Overcoming the fear of rejection is crucial as a beginning songwriter. Songwriting is an artform, and opening your art up to critique can be a frightening experience, especially if you’re receiving it from people who aren’t musicians themselves. It doesn’t have to be that way, though. Try to cultivate a circle of other people with whom you can share your work and hear their’s, as well. You can’t always expect someone who doesn’t work with music to understand what they’re looking for.
Sharing with other musicians guarantees that they’re going to really listen to your work and have the kind of feedback that you can put to use. Attend workshops if there are any in your area. Create relationships with the people that you meet. Not only will having your work critiqued give you more opportunity to grow, but critiquing the work of others can help you to see your own songs with a different perspective.
Tell Your Story
You’ll hear this piece of advice often, but only because it’s so important to be reminded of. Write what you know. If you want to write a song that’s passionate and true to you, it will only happen by writing within the scope of your experiences. That’s not to say that you can’t write about other things, but the most profound pieces of music come from an intimate place. Authenticity can never be mimicked.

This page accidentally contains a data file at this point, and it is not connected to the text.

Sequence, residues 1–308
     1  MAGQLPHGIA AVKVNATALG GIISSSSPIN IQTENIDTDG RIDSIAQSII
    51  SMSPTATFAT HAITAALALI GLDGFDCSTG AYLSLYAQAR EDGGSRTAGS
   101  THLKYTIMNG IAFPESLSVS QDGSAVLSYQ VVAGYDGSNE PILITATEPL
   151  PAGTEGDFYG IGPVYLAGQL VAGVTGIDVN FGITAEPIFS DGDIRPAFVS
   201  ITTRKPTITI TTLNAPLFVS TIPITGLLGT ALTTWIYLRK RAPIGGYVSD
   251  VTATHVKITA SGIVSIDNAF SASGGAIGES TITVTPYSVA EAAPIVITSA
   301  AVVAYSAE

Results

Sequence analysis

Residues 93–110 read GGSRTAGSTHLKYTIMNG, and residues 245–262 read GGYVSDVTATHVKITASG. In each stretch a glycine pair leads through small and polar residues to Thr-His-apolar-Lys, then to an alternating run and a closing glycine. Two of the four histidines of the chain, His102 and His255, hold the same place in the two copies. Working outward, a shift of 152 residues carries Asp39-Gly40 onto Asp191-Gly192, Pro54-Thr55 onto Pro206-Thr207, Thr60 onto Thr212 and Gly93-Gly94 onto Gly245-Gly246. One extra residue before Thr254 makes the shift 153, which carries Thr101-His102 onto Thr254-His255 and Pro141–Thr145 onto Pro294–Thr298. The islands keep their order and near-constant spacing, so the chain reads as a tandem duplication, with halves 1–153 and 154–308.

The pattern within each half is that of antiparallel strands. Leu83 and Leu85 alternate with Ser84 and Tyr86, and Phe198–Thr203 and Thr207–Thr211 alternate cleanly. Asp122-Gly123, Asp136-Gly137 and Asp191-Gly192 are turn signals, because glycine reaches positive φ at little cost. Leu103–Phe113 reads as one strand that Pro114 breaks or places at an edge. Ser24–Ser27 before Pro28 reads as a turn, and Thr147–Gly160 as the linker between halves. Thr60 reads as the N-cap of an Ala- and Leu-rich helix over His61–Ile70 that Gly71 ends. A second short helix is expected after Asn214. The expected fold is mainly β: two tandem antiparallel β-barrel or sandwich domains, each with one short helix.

Regardless of why or what you write, never let other people define your process or goals for you. At the end of the day, writing for yourself will give you the most satisfying results. Define what success means to you. As long as you’re setting and meeting your own personal goals, there shouldn’t be anything standing in the way of your personal fulfillment.
Musicians Institute (MI) is a College of Contemporary Music built on the idea that musicians should teach—and learn from—other musicians in a creative, supportive environment. Musicians Institute is dedicated to inspiring artistic and academic excellence while preparing students for careers in the music and entertainment industry. Our cutting-edge educational offerings provide the information, skills and expertise necessary for musicians and creative professionals to achieve their goals.